Psoriasis: more than just dry skin

Psoriasis affects 1 in 50 people worldwide. The first of August marked the first day of Psoriasis Awareness Month. In this blog, Assistant Editor, Megan Barling, summarises what we know about the condition and reflects on some of the latest psoriasis research published in BMC Dermatology.

What is psoriasis?

Psoriasis is a chronic, inflammatory condition, which affects the skin’s surface. The condition causes inflamed, red, flaky and itchy skin, often around the knees, elbows and scalp.  The condition is believed to affect 1 in 50 people, affecting all ages, races and genders. A large percentage of people are diagnosed below the age of 35. Currently, it is thought that psoriasis affects roughly 100 million people worldwide, 1.6 million in the UK and nearly 7.6 million Americans, making psoriasis a global problem.

Psoriasis is known for causing often dry and painful skin

Psoriasis lesions are often located in areas of the body that are visible to other people. Despite being fairly common, there are often misconceptions that the condition may be contagious and is known to affect people’s self-esteem.  Since the condition is chronic, this can negatively impact the mental health of people experiencing the condition. The National Psoriasis Foundation (NPF) notes that depression is the number one comorbidity of psoriasis. People with psoriasis are twice as likely to become depressed as the rest of the population.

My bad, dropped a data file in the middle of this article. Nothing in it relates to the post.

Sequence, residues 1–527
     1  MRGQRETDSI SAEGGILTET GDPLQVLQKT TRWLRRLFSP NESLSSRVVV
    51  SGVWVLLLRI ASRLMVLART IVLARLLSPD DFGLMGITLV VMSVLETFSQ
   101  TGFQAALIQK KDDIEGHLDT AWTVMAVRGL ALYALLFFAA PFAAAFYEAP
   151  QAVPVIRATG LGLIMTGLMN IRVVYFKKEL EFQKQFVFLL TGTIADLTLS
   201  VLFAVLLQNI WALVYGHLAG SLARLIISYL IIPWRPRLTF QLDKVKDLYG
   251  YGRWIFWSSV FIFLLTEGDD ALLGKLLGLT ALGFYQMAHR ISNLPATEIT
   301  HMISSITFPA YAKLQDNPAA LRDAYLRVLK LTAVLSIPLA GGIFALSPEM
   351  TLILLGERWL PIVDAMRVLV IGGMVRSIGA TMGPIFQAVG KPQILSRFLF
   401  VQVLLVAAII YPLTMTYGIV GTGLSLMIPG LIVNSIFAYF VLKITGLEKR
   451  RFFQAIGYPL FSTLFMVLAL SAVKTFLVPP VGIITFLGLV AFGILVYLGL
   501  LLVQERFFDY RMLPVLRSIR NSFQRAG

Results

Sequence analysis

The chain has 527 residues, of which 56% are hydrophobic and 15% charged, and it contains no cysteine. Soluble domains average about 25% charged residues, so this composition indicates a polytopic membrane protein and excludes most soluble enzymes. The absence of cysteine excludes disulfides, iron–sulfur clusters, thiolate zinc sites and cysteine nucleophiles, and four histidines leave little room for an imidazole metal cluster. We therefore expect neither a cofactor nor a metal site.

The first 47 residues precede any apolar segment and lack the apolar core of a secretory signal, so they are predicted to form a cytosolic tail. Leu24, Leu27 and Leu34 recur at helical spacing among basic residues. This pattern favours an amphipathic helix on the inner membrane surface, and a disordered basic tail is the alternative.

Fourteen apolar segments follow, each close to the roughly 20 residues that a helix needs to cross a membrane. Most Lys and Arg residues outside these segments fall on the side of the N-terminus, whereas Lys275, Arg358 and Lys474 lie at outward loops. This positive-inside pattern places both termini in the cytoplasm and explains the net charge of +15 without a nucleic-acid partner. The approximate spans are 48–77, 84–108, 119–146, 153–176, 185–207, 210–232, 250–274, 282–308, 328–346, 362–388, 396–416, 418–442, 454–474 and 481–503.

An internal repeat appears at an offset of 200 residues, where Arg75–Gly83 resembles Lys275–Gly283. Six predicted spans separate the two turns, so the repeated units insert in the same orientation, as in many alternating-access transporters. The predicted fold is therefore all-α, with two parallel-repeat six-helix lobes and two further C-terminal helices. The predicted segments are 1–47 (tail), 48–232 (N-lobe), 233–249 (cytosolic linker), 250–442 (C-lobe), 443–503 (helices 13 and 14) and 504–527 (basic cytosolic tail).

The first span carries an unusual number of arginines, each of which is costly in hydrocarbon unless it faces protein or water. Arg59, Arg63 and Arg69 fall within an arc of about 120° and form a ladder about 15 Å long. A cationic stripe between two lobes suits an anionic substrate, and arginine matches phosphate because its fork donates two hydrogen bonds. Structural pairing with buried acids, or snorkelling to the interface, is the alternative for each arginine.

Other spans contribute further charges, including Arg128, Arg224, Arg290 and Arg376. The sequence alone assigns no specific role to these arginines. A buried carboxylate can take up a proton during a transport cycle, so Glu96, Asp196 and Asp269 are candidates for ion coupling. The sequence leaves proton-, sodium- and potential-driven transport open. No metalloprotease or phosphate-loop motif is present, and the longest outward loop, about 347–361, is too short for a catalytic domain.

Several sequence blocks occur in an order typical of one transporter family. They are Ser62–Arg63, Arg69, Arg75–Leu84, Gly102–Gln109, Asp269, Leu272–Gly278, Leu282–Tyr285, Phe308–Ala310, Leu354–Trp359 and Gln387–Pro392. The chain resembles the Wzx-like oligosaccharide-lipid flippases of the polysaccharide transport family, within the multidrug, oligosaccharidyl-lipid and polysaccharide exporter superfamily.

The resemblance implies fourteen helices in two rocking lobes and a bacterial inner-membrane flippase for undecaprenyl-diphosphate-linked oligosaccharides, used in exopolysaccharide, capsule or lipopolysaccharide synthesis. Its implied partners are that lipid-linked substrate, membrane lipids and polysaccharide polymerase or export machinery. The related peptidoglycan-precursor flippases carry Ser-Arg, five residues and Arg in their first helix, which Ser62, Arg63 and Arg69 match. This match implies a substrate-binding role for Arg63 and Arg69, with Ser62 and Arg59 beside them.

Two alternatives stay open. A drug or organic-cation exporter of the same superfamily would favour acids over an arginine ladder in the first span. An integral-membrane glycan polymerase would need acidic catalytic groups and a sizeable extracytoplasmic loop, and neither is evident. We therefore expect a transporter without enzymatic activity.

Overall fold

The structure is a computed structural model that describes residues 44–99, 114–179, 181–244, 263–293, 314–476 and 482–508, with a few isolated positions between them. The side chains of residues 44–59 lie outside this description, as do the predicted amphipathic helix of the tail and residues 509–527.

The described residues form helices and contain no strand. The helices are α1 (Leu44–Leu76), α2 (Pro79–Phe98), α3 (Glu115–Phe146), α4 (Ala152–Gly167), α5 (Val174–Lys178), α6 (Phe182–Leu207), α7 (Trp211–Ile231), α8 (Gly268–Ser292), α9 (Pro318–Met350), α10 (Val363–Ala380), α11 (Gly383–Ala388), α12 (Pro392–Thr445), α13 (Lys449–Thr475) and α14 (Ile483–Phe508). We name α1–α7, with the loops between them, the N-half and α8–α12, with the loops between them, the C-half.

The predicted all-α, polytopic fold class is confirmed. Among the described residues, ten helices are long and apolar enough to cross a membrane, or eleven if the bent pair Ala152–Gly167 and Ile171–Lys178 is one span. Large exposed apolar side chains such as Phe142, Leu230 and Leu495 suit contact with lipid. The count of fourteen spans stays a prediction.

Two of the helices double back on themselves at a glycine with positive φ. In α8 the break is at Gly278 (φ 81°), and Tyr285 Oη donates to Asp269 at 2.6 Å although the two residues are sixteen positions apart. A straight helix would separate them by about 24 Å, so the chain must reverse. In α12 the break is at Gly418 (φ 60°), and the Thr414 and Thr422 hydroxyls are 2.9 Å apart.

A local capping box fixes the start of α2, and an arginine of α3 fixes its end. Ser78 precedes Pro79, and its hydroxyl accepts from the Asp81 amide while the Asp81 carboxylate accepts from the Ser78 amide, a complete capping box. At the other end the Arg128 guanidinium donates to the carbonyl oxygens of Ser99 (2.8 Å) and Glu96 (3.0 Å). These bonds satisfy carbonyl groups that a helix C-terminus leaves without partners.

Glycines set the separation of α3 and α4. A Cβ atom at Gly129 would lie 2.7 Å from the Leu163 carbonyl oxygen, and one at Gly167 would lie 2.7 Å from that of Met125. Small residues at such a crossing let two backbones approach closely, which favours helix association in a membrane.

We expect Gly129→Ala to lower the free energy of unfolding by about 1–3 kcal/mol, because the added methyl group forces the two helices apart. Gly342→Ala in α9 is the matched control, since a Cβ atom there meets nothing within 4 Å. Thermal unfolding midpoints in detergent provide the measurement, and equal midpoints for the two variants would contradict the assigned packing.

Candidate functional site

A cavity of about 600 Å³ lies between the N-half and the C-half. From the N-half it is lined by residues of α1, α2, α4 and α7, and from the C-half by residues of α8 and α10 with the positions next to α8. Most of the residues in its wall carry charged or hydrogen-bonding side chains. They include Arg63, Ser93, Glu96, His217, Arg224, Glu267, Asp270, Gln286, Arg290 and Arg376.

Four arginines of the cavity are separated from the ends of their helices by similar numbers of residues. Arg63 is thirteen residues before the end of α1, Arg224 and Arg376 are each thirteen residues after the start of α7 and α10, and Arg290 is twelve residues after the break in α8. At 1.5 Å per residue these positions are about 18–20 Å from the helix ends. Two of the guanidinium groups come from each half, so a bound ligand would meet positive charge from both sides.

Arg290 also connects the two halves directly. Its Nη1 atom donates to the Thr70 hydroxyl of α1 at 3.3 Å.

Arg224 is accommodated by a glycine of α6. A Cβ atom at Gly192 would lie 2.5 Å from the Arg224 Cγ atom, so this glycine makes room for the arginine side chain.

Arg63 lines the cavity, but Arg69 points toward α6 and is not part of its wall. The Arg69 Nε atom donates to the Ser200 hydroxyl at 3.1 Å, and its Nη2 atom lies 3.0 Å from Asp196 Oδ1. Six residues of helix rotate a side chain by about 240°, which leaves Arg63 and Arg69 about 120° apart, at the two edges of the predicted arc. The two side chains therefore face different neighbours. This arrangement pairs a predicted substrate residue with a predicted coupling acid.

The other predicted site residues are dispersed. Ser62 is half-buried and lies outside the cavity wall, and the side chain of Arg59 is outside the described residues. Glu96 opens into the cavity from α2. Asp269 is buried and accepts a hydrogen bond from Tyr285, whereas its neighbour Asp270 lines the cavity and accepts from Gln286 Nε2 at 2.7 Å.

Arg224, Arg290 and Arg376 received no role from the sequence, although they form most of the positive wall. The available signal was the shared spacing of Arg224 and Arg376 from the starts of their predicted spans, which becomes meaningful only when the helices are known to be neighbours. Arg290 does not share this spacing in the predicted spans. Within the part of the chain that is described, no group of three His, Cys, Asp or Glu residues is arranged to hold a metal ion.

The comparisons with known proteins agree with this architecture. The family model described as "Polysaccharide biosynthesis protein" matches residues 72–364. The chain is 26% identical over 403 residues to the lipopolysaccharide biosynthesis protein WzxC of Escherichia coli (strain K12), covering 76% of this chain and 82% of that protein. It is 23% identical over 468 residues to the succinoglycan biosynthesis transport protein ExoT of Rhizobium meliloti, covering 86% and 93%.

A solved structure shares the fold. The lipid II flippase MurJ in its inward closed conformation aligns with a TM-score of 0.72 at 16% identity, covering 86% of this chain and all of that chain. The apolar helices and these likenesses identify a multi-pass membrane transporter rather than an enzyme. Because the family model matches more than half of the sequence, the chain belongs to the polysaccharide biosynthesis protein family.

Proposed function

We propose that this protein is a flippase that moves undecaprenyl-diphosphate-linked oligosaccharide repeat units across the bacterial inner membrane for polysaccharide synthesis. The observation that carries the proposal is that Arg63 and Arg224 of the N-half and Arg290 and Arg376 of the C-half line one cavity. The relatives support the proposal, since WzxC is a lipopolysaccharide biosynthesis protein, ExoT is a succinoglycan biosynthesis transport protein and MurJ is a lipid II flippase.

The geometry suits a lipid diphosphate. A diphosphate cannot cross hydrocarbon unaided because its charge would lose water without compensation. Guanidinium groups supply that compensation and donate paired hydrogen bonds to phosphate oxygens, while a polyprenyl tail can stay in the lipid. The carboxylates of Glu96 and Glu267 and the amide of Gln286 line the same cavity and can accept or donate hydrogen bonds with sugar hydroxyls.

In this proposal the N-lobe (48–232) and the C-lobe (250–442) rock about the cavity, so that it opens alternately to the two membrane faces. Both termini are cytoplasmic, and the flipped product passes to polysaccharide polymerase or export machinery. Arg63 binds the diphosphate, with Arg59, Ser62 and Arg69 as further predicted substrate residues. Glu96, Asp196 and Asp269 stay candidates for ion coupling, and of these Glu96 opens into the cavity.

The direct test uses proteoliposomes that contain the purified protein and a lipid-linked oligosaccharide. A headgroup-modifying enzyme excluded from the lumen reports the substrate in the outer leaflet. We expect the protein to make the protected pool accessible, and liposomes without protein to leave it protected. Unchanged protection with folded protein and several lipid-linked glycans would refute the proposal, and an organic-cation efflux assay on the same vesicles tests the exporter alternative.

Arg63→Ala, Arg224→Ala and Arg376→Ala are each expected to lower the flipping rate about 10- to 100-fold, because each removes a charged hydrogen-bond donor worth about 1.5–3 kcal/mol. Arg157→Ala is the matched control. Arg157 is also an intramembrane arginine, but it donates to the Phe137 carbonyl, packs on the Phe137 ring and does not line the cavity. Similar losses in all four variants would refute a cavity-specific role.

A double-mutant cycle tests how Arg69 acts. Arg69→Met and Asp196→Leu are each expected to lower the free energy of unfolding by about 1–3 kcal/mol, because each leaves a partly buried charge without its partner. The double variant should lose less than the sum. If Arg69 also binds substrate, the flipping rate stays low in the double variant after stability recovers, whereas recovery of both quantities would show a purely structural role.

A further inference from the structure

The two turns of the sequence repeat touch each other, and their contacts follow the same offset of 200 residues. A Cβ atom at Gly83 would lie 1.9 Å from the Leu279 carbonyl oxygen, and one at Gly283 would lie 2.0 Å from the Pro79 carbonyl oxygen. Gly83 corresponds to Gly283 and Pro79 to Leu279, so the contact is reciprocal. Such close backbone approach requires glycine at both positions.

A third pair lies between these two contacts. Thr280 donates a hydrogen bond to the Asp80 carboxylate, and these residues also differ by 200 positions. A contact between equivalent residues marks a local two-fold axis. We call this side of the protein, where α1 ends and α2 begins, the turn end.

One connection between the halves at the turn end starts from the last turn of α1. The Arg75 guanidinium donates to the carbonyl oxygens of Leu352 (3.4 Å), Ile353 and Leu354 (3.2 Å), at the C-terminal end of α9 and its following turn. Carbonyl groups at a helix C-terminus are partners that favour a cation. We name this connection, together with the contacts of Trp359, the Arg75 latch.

Kim Kardashian has previously spoken out about her experience of psoriasis

In popular culture, businesswoman and television personality, Kim Kardashian, has recently announced she experiences the condition. Given Kardashian’s huge social media following, it is possible that this could help to bring awareness to the condition and comfort and understanding to those who also experience psoriasis.

 

 

 

What do we know about psoriasis?

The National Psoriasis Foundation (NPF) notes that depression is the number one co-morbidity of psoriasis.

Although psoriasis is common, the condition is under-researched. The underlying cause of psoriasis is thought to be our immune system unnecessarily accelerating the growth of skin cells resulting in inflammation. It is thought that combinations of genes as well as exposure to particular external factors are likely to trigger development of the condition. Scientists have now identified about 25 genetic variants, which increase the probability of a person developing psoriasis. The most common form of psoriasis, plaque psoriasis, is thought to be caused by a rare genetic mutation known as CARD14. Stress, weather changes, medications, infections, skin trauma, smoking and alcohol are all thought to flare up the condition. Most people experience small lesions, however, severity varies on a case-by-case basis. The condition is split into six main types; plaque psoriasis, scalp psoriasis, guttate psoriasis, pustular psoriasis, psoriasis in sensitive areas and nail psoriasis (summarized in table 1).